In JavaScript, timestamps are usually associated with Unix time. And there are different methods for generating such timestamps.

When we make use of the different JavaScript methods for generating timestamps, they return the number of milliseconds that has passed since 1 January 1970 UTC (the Unix time).

In this article, you'll learn how to use the following methods to generate Unix timestamps in JavaScript:

  • The getTime() method.
  • The method.
  • The valueOf() method.

How to Use getTime() to Generate Timestamps in JS

var timestamp = new Date().getTime();

// 1660926192826

In the example above, we created a new Date() object and stored it in a timestamp variable.

We also attached the getTime() method to the new Date() object using dot notation: new Date().getTime(). This returned the Unix time at that point in milliseconds: 1660926192826.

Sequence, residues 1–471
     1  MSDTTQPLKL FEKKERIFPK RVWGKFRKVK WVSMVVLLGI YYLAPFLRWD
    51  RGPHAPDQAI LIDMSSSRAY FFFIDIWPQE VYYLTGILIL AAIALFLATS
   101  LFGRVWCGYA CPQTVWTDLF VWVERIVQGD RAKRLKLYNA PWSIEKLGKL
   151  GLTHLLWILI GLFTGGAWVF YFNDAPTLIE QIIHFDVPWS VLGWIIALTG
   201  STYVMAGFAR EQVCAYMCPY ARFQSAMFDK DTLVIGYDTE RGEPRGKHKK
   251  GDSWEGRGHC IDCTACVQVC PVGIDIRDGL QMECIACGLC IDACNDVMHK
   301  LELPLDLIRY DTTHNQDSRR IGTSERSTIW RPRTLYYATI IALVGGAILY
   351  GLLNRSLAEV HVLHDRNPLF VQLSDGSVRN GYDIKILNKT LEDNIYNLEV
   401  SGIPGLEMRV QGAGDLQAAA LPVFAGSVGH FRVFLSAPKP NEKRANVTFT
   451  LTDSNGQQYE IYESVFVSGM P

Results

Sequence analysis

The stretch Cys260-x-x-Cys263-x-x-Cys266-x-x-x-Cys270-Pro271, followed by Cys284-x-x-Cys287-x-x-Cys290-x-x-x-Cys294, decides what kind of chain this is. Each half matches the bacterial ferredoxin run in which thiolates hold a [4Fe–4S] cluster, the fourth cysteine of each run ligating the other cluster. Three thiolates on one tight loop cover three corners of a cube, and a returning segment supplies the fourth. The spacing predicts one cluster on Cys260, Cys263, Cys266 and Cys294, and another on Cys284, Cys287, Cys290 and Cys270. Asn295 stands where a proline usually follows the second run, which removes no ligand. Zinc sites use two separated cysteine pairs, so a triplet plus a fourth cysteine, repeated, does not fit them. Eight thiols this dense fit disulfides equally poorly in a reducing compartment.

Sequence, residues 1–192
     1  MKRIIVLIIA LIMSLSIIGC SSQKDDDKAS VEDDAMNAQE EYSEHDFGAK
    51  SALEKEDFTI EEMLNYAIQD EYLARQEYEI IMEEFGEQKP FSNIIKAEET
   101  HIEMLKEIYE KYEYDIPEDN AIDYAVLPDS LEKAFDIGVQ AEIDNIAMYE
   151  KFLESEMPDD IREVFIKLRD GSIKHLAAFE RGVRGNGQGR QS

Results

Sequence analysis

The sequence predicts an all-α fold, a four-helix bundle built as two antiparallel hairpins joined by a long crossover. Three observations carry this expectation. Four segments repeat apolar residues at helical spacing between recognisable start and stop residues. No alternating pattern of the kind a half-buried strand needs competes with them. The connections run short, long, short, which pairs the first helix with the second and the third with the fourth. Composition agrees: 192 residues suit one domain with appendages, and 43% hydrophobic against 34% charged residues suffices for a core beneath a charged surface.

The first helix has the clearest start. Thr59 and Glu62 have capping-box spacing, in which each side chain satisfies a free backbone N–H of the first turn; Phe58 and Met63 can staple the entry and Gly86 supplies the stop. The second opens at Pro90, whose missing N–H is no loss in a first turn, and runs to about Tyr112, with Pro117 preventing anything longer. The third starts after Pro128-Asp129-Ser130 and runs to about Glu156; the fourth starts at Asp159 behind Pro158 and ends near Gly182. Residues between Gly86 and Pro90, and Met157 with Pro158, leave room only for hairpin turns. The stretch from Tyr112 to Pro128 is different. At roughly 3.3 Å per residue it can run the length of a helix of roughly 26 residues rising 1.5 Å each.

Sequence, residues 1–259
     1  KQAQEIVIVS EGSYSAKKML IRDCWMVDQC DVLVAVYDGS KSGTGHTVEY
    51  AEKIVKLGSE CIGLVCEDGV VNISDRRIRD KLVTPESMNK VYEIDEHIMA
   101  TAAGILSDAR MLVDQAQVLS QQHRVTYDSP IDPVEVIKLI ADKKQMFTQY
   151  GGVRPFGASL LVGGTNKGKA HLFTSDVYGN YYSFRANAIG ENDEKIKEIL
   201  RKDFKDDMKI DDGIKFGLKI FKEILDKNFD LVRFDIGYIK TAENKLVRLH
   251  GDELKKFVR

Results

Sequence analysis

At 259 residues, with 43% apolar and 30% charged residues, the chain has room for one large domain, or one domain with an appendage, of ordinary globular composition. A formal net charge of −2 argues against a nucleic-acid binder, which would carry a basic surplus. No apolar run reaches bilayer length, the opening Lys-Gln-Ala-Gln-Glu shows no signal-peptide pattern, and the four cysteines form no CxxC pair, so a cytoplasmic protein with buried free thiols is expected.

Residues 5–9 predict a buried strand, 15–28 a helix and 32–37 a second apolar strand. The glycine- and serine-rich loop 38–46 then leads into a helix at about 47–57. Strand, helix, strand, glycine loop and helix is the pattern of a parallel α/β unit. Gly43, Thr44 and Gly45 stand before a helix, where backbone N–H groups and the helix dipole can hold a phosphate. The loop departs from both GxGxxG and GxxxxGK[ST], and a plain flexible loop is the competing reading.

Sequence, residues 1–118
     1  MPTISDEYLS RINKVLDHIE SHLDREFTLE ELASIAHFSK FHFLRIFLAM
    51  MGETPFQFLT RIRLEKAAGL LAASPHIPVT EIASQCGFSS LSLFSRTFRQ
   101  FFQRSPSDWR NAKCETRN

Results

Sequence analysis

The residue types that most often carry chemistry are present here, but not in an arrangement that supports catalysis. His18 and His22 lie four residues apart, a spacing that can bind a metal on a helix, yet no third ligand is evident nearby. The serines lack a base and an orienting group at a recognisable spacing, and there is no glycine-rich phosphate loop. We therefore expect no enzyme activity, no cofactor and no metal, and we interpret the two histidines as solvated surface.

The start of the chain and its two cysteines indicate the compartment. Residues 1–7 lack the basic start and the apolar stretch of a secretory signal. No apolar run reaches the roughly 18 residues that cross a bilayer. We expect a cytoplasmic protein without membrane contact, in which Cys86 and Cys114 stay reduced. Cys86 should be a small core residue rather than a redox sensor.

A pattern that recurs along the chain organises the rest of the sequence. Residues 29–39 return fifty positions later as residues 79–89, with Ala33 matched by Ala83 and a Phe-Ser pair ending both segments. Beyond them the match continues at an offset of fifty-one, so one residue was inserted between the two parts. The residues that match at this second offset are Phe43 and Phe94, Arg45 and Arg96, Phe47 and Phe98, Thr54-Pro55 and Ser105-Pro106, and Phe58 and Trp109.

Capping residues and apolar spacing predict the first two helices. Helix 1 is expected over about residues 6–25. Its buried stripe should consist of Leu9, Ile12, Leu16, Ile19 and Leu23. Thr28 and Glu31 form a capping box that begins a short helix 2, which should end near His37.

To get the timestamp in seconds, you divide the current timestamp by 1000. That is:

var timestamp = new Date().getTime();

console.log(Math.floor(timestamp / 1000))

How to Use to Generate Timestamps in JS

var timestamp =;

// 1660926758875

In the example above, we got the Unix timestamp at that particular point in time using the method.

The timestamps you see in these examples will be different from yours. This is because you'll get the timestamp of the time that has elapsed from 1 January 1970 UTC to your current time.

How to Use valueOf() to Generate Timestamps in JS

var timestamp = new Date().valueOf();

// 1660928777955

Just like the getTime() method, we have to attach the valueOf() method to a new Date() object in order to generate a Unix timestamp.

The new Date() object, without getTime() or valueOf(), returns the information about your current time.


In the article, we talked about timestamps in JavaScript. There are usually associated with the Unix time.

We saw three different methods that can be used to generate timestamps in JavaScript with code examples.

Happy coding!